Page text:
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History repeats itself: The Rolex Cellini Moonphase

It has been half a century since the last time Rolex released a Moonphase, and yet the new Cellini Moonphase fails to be received with the excitement and market response it deserves. Why is that the case, and why we believe you would be wise to keep a keen eye on this model for the future and this is what we will explore today.


But first a little history lesson. While Rolex made its name through creating robust sports watches, back before their identity was so narrowly defined they dabbled in all kinds of timepieces. In the early fifties two of these models where triple calendars featuring a Moonphase complication. One was the ref. 8171 nicknamed Padellone which translates into big frying pan in Italian due it’s relatively large case size of 38 mm. The other was the ref. 6062, sometimes called the Bao Dai because it was the personal timepiece of Vietnam’s last emperor. Owing to limited production runs and their incredible age both these timepieces can easily reach the million dollar mark in auctions.


Rolex 8171 Padellone. Picture by Matthew Bain Inc.



With this added bit of context then, why does the return of this complication in form of the Cellini not constantly sell out? The reason lies in the name; Cellini. If this watch would have the words Oyster Perpetual inscribed on the dial this would be a whole different story but for some reason the Cellini range has yet to capture the hearts of Rolex fans. This is a shame because the new Cellini models are the most oyster-esque iteration we have ever seen from the line.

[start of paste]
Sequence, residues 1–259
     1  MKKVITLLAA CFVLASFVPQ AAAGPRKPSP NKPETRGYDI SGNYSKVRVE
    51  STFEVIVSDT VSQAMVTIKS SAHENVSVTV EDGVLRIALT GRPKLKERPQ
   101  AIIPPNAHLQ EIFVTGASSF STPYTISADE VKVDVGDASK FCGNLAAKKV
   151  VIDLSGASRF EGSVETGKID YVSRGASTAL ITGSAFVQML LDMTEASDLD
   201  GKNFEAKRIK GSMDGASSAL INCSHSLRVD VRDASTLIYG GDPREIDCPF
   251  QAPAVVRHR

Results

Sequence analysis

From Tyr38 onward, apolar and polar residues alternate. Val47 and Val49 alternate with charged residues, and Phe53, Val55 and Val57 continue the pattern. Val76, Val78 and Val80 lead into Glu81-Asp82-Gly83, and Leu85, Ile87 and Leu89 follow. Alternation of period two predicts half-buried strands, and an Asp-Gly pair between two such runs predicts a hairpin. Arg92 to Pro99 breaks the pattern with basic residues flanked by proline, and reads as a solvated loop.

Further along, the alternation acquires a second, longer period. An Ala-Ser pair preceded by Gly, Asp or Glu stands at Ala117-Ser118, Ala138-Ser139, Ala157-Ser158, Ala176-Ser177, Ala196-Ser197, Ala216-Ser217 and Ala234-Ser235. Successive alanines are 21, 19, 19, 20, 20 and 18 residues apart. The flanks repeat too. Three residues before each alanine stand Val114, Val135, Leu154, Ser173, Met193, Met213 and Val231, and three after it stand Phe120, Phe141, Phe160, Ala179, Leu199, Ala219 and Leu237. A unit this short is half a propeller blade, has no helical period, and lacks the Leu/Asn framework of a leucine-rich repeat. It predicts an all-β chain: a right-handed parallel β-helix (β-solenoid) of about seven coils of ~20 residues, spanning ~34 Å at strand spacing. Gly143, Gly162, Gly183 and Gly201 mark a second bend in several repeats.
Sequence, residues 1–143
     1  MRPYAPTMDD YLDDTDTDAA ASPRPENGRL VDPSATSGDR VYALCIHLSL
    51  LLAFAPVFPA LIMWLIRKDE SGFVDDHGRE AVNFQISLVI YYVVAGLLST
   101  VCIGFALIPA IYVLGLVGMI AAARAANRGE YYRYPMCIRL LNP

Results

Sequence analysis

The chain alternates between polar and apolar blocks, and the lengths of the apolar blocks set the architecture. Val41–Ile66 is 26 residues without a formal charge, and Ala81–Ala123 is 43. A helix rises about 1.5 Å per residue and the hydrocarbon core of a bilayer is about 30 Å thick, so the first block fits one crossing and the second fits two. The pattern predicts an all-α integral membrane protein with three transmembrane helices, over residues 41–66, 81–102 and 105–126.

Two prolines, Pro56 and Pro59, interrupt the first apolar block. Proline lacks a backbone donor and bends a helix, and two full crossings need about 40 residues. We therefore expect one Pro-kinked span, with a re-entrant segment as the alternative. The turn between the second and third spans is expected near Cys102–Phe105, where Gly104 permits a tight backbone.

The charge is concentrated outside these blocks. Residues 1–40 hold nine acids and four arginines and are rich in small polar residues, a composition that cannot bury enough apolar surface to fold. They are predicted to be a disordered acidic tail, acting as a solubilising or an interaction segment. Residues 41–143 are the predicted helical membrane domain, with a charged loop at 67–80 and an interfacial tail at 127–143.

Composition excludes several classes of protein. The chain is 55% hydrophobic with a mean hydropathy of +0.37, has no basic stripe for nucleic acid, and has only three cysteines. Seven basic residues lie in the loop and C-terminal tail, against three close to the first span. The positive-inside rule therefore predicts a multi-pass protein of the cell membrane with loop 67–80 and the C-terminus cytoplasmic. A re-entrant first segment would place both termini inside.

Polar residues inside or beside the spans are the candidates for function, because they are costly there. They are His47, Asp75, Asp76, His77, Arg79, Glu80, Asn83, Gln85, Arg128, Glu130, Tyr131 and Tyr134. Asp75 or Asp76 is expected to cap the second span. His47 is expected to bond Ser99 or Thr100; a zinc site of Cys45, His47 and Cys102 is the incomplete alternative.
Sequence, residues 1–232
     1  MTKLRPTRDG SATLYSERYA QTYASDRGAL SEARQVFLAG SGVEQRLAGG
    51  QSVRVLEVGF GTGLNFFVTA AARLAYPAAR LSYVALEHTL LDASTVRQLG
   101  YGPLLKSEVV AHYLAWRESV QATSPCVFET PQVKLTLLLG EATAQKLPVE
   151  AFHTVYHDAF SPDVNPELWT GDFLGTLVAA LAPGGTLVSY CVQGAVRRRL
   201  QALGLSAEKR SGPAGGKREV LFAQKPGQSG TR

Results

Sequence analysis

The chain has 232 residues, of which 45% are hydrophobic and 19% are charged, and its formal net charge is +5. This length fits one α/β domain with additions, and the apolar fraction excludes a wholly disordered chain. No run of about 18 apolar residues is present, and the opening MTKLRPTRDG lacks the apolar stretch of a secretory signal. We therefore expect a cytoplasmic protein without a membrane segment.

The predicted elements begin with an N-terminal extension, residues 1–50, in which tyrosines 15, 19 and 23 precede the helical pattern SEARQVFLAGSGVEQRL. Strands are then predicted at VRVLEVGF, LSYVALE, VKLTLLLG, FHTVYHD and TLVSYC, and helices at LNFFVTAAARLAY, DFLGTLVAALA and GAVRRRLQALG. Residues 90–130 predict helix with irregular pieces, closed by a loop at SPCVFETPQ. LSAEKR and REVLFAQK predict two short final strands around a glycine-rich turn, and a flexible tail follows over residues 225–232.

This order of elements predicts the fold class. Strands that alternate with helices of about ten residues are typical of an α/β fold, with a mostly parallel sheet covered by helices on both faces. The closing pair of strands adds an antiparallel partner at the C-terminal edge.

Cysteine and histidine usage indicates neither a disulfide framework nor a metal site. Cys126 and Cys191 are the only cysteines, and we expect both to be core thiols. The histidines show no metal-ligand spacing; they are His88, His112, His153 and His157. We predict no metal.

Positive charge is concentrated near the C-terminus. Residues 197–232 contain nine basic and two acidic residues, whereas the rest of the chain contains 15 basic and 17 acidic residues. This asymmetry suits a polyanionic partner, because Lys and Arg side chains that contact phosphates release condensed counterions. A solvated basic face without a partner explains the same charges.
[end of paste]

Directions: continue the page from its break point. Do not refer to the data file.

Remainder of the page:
It starts with the 39 mm case. This is no weird square prince case, nor is it a characterless dress watch case, instead it is a tasteful take on the oyster case. On the front, you will find a thinner version of the fluted bezel you have come to associate with models like the date-just. The thin lugs and big crown have a similar charm to that of a vintage sub. And when you turn the watch around you could mistake it for a bubble back.


Picture by Rolex.



That this however clearly is not an oyster is underscored in the beautiful enamel dial, which I personally considered the best dial the brand has made in the last decade. The milky smoothness of the enamel works perfectly to provide a rich background for the black font and works particularly great in harmony with the warm hue of the rose gold version. Unique to this watch in the entire Rolex lineup is the date hand which is blued and looks at the end like a crescent moon.


Central to this piece and the clear highlight is the name giving Moonphase. Unlike most competitors however the Moonphase disc is not hidden through a window but fully exposed, and for good reason as it is made with loving attention to detail. The base made out of a blue enamel disc with painted stars and a curved moon on it made out of a meteorite. This disc is sitting on 59 teeth rotating every 29.5 days allowing for an accuracy of one day in 122 years.


Picture by Rolex.



The lack of appreciation despite the objective qualities that this watch brings with it, however, seems to ring a bell. After all, it would not be the first watch that people at the time failed to appreciate only to become a hit in the vintage world later. Sure, you can never truly guarantee anything about the future value of watches, however, the Cellini Moonphase makes an excellent case for being the watch in the future that everybody will kick themselves for not having picked one up while they still went for retail prices. History repeats itself, and the Cellini Moonphase will be no exception to this. Bringing a unique spin in a new format of the ingredients that made Rolex great in the first place, and with the discounts offered on these models right now, this could be the biggest secret in terms of a value proposition for a Rolex.